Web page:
We have discussed exponents and exponential terms in detail in an earlier chapter. If the exponent in an exponential term is variable, we have an exponential function. Consider the function

\[f\left( x \right) = {2^x}\]

On the right side, the base of the exponential term is fixed, but the exponent is variable. As the exponent is varied, the function output will change. For example:

\[\begin{align}x = 0\,\,\, \qquad& \Rightarrow\,\,\,f\left( 0 \right) = {2^0} = 1\\x = - 1 \qquad& \Rightarrow\,\,\,f\left( { - 1} \right) = {2^{ - 1}} = \frac{1}{2}\\x = - 10 \qquad& \Rightarrow\,\,\,f\left( { - 10} \right) = {2^{ - 10}} = \frac{1}{{{2^{10}}}}\\x = \sqrt 2 \qquad& \Rightarrow \,\,\,f\left( {\sqrt 2 } \right) = {2^{\sqrt 2 }}\end{align}\]

What is the domain of *f*? We have seen earlier that the exponent can take on *any* real value –positive, negative or zero. In other words, the term \({2^x}\) has a well-defined meaning for *every *real value of *x*. This means that the domain of *f* is \(\mathbb{R}\).

What is the range? Firstly, we make the observation that the input set – the domain – is a continuous interval.Also, intuitively, it might seem apparent to you that the function output will not have *abrupt jumps*. For example, as *x* is continuously increased from a value \( - 1\) to 3, *f *should *continuously* increase from \(\frac{1}{2}\) to 8. The fact that the output of *f* will vary continuously can be proved; for now, we will take its truth on face value.

Now, let us try to analyze the *behavior *of this function in more detail.

Suppose that *x* is increased in value, starting from 0. How does *f* behave? In other words, what is the trend followed by the function output? The following table will help us understand this (we have only taken some integer values for *x* because *f *will be easier to evaluate for integer values – this does not mean that *f *is not defined for non-integer values):

x |
\(f\left( x \right)\) |

0 |
\({2^0} = 1\) |

1 |
\({2^{ 1}} = 2\) |

2 |
\({2^{ 2}} = 4\) |

3 |
\({2^{ 3}} =8\) |

5 |
\({2^{ 5}} =32 \) |

10 |
\({2^{ 10}} = 1024\) |

The trend is clear: as *x *increases, *f* increases. In fact, *f* increases really fast! From this data, we can extrapolate that as \(x \to\infty \), \(f \to \infty \).

Now, let us see what happens as *x *is decreased, starting from 0 (once again, for ease of calculations, we have taken only integer values of *x*):

x |
\(f\left( x \right)\) |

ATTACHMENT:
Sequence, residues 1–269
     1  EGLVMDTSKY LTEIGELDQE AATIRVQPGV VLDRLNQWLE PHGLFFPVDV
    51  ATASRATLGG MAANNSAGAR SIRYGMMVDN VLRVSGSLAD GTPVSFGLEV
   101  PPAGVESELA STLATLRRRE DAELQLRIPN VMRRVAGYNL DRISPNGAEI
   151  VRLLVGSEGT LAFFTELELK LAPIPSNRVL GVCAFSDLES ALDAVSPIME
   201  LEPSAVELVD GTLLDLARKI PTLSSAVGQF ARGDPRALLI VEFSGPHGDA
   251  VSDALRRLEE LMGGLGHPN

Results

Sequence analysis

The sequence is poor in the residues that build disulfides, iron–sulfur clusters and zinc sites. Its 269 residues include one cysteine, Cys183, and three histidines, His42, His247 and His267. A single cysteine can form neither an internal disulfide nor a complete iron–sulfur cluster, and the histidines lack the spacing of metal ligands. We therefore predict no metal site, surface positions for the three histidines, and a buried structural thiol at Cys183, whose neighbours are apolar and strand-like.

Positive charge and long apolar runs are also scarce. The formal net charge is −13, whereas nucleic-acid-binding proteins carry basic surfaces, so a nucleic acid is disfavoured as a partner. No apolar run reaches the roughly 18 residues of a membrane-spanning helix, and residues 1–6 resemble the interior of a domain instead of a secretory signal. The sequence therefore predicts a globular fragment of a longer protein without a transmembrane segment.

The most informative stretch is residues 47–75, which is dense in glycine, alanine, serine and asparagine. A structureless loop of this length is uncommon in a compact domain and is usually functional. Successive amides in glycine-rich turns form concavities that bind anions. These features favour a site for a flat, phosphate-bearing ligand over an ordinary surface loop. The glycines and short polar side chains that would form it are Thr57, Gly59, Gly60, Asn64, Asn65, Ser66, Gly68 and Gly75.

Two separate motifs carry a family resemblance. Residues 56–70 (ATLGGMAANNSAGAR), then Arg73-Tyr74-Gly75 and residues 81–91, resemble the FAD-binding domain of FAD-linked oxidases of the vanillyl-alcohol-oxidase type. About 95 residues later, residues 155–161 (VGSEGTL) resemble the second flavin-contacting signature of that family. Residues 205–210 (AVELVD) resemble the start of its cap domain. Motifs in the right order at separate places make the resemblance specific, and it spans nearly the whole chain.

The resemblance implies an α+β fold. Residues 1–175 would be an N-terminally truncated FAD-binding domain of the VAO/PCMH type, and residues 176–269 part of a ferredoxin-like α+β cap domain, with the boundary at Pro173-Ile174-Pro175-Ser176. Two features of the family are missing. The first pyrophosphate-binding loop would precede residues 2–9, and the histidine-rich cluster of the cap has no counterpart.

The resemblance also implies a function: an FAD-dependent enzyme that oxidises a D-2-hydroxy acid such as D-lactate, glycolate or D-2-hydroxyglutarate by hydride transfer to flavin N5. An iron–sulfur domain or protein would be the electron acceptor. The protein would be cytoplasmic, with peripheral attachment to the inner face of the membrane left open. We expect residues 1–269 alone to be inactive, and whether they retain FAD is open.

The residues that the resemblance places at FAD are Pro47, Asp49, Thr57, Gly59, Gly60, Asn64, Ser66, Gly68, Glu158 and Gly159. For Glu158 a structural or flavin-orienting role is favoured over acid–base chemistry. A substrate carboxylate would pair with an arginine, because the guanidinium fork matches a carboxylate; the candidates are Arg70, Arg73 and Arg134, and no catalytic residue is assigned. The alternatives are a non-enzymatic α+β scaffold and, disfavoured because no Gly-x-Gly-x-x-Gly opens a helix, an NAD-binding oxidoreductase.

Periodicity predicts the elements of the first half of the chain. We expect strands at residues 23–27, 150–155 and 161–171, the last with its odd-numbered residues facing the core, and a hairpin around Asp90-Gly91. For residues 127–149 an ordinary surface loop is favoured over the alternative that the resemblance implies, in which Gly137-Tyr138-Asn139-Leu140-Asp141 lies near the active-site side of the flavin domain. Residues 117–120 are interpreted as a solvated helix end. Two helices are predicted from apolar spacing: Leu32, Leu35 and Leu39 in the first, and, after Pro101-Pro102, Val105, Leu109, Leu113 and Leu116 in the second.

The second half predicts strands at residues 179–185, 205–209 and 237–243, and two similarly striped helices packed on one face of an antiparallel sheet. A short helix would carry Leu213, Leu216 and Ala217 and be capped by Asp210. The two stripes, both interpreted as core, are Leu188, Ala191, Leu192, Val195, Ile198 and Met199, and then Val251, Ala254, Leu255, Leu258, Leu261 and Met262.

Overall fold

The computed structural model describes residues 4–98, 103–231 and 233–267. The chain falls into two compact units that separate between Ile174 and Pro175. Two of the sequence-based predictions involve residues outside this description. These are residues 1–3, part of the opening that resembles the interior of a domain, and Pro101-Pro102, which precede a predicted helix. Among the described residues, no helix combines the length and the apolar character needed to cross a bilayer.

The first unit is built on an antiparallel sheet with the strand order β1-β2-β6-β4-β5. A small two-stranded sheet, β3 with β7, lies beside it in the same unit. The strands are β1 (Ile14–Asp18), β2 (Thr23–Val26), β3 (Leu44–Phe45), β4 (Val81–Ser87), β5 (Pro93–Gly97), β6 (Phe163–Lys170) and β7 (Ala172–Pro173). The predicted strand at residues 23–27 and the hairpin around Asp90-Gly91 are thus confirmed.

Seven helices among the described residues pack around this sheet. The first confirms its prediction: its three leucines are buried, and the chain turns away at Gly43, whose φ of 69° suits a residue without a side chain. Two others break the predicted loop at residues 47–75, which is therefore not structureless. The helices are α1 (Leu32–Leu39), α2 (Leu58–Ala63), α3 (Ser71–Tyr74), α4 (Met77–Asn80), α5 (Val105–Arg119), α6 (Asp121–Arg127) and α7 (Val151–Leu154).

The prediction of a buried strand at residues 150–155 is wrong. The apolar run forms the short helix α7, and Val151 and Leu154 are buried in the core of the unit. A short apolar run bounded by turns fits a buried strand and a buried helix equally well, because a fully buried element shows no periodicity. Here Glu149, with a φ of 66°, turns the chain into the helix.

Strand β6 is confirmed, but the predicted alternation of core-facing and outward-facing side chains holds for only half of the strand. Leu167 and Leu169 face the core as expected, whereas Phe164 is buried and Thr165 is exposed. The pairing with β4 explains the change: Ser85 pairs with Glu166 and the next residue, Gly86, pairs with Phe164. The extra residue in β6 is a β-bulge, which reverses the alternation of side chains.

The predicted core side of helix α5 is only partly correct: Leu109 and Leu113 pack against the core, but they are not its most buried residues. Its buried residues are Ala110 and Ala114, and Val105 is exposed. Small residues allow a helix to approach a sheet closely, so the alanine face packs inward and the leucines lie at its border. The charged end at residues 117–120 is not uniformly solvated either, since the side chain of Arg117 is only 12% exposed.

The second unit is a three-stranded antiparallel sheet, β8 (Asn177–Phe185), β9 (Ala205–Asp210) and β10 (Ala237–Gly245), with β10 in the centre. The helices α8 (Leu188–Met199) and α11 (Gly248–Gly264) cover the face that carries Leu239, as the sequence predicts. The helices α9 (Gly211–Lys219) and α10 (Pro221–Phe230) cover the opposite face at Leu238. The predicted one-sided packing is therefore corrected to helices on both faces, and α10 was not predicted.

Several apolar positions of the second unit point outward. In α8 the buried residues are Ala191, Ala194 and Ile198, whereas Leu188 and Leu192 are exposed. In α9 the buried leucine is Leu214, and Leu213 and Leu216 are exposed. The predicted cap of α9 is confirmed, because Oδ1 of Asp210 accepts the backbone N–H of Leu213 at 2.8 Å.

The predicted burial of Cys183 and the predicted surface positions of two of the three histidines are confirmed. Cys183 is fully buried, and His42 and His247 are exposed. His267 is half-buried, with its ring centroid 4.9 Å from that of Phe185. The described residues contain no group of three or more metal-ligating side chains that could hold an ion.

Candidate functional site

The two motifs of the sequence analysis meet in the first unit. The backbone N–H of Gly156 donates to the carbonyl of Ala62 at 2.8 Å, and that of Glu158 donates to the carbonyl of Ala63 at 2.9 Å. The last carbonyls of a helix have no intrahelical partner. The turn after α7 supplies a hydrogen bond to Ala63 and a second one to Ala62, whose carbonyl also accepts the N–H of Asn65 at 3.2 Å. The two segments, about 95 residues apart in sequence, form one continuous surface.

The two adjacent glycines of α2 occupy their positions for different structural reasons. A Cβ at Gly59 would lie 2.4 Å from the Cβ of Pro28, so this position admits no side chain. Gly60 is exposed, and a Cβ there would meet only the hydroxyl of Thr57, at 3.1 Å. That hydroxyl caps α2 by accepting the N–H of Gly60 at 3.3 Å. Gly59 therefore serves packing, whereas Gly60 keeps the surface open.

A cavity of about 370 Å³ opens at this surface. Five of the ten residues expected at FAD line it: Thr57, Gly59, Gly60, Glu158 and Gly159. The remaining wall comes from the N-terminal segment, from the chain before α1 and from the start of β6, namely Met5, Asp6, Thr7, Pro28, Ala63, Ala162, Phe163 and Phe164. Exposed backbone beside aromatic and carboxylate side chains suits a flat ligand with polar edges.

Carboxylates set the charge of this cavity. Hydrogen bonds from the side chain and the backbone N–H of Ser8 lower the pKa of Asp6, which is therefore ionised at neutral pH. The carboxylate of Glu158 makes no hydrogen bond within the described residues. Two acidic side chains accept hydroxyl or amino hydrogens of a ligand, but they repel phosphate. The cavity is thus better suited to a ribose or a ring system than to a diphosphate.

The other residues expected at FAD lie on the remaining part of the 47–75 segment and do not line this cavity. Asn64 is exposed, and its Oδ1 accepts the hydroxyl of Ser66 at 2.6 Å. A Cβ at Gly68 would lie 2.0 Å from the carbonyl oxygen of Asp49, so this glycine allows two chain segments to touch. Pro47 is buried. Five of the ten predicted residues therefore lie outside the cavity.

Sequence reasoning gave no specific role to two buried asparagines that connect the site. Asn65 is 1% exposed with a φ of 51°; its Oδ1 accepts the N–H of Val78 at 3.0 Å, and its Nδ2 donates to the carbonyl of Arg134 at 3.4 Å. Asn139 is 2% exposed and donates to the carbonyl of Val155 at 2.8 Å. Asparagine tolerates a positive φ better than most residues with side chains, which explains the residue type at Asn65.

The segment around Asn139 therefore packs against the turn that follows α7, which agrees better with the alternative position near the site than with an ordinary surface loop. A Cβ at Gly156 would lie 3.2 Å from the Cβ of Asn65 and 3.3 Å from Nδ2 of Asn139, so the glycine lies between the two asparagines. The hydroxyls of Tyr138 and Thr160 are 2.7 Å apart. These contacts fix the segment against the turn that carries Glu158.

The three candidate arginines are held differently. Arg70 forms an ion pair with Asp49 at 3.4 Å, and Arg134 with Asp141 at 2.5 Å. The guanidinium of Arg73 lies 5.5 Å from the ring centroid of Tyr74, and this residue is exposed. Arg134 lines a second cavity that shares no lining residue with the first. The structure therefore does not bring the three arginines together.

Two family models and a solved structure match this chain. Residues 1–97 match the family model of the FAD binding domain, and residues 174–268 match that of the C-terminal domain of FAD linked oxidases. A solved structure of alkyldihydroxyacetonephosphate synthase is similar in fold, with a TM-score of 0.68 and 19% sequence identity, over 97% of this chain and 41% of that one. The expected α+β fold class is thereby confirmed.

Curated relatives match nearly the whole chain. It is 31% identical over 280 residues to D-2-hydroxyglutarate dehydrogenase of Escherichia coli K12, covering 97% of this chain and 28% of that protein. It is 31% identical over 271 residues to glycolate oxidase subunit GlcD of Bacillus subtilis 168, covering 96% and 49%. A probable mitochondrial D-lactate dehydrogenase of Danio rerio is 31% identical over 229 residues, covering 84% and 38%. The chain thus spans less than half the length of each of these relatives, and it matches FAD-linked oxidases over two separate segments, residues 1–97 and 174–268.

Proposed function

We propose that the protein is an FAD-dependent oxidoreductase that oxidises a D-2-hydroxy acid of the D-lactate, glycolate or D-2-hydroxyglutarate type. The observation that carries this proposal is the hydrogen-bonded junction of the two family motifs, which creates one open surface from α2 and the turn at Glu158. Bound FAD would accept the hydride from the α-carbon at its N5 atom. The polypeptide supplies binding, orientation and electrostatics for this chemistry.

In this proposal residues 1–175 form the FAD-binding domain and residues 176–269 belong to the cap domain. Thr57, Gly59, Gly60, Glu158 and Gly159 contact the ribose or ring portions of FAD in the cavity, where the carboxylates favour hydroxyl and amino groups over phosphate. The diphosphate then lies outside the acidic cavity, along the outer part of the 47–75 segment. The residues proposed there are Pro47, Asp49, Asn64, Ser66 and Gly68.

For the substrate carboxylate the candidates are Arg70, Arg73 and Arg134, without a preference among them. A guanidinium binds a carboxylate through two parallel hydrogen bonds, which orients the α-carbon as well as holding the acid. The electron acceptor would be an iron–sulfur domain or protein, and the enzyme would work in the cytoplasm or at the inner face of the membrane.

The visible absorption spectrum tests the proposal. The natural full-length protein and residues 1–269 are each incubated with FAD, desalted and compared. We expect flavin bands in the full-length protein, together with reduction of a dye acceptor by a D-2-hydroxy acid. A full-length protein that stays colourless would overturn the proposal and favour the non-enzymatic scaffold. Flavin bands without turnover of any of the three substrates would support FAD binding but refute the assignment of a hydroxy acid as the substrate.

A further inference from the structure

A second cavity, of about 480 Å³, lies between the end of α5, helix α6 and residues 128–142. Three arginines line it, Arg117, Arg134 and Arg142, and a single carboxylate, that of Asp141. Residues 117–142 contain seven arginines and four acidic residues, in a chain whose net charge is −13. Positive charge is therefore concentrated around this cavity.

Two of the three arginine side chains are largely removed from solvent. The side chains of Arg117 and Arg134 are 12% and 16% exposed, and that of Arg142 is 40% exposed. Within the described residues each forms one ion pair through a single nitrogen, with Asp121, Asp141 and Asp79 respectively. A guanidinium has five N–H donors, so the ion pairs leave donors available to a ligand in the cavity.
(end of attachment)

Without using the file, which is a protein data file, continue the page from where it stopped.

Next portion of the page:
0 |
\({2^0} = 1\) |

\( - 1\) |
\({2^{ - 1}} = \frac{1}{2} = 0.5\) |

\( - 2\) |
\({2^{ - 2}} = \frac{1}{4} = 0.25\) |

\( - 3\) |
\({2^{ - 3}} = \frac{1}{8} = 0.125\) |

\( - 5\) |
\({2^{ - 5}} = \frac{1}{{32}} \approx 0.03\) |

\( - 10\) |
\({2^{ - 10}} = \frac{1}{{1024}} \approx 0.001\) |

The trend is once again clear: as *x *decreases from 0 towards negative infinity, *f* decreases from 1 towards 0. We can say that as \(x \to - \infty \),\(f \to 0\). Note that no matter how large a negative value *x* takes, *f* will never become *exactly* 0,though it will keep coming closer and closer to 0.

The following figure shows the graph of \(f\left( x \right) = {2^x}\) plotted using a plotter:

Note the spectacular rate of increase towards the positive side. This is understandable: for every unit change in *x*,the function value doubles. For example, in going from \(x = 5\) to\(x = 6\) , the input variable changes by only 1 unit, but the output changes by 32. On the negative side, note the slow *decay *towards zero. This is shown in more detail in the following figure:

The curve never actually touches the *x*-axis,but it does keep on coming closer and closer towards the *x*-axis as we move towards negative infinity.

Clearly, the range of \(f\left( x \right) = {2^x}\) is \(\left( {0,\infty } \right)\). The number 0 is not included in the range as *f* never actually becomes 0.

The following figure shows the graph of the function \(g\left( x \right) = {\left({\frac{1}{2}} \right)^x}\):

It is left to you as an exercise to explain this behavior. The domain and range of *g* are \(\mathbb{R}\) and \(\left({0,\infty } \right)\) again.

What effect does the base have on the behavior of the exponential function? The following figure shows the plots of the functions \({f_1}\left( x \right) = {\left({1.5} \right)^x}\), \({f_2}\left( x\right) = {2^x}\) and \({f_3}\left( x\right) = {\left( {2.5} \right)^x}\) on the same axes:

The behavior is similar, but the rates of increase are different. For example, the third function increases at a much faster rate than the first function. This is because the base of the third function (2.5) is larger than that of the first (1.5).

Analogously, if the base of the function is between 0 and 1, then the rate of decrease of the function will depend upon how small the base is. As the base gets smaller, the function decreases at faster rates. The following figure shows the plots of the functions \({f_1}\left( x \right) = {\left({\frac{1}{2}} \right)^x}\), \({f_2}\left(x \right) = {\left( {\frac{1}{3}} \right)^x}\) and \({f_3}\left( x \right) = {\left( {\frac{1}{4}} \right)^x}\)on the same axes:

**Example 1:** Find the domain of the function

\[f\left( x \right) = \sqrt {{2^x} - 4} \]

**Solution:** The expression under the square-root sign must be non-negative, and so:

\[\begin{array}{l}{2^x} - 4 \ge 0\\ \Rightarrow \,\,\,{2^x} \ge 4\,\,\,\Rightarrow \,\,\,{2^x} \ge {2^2}\,\,\, \Rightarrow \,\,\,x \ge 2\\ \Rightarrow \,\,\,D = \left[{2,\infty } \right)\end{array}\]

Refer to the graph of \(g\left( x \right) = {2^x}\) plotted earlier,to understand why \({2^x}\) will be greater than 4 if *x* is greater than 2.